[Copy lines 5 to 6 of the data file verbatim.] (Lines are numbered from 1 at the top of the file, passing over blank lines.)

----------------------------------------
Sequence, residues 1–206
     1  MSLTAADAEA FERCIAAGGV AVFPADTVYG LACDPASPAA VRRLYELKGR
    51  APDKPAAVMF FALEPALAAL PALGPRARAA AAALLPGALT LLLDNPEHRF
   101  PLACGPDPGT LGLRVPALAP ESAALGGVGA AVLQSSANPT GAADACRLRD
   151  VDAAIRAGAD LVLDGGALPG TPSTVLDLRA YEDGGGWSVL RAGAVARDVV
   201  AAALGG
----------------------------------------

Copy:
   151  VDAAIRAGAD LVLDGGALPG TPSTVLDLRA YEDGGGWSVL RAGAVARDVV
   201  AAALGG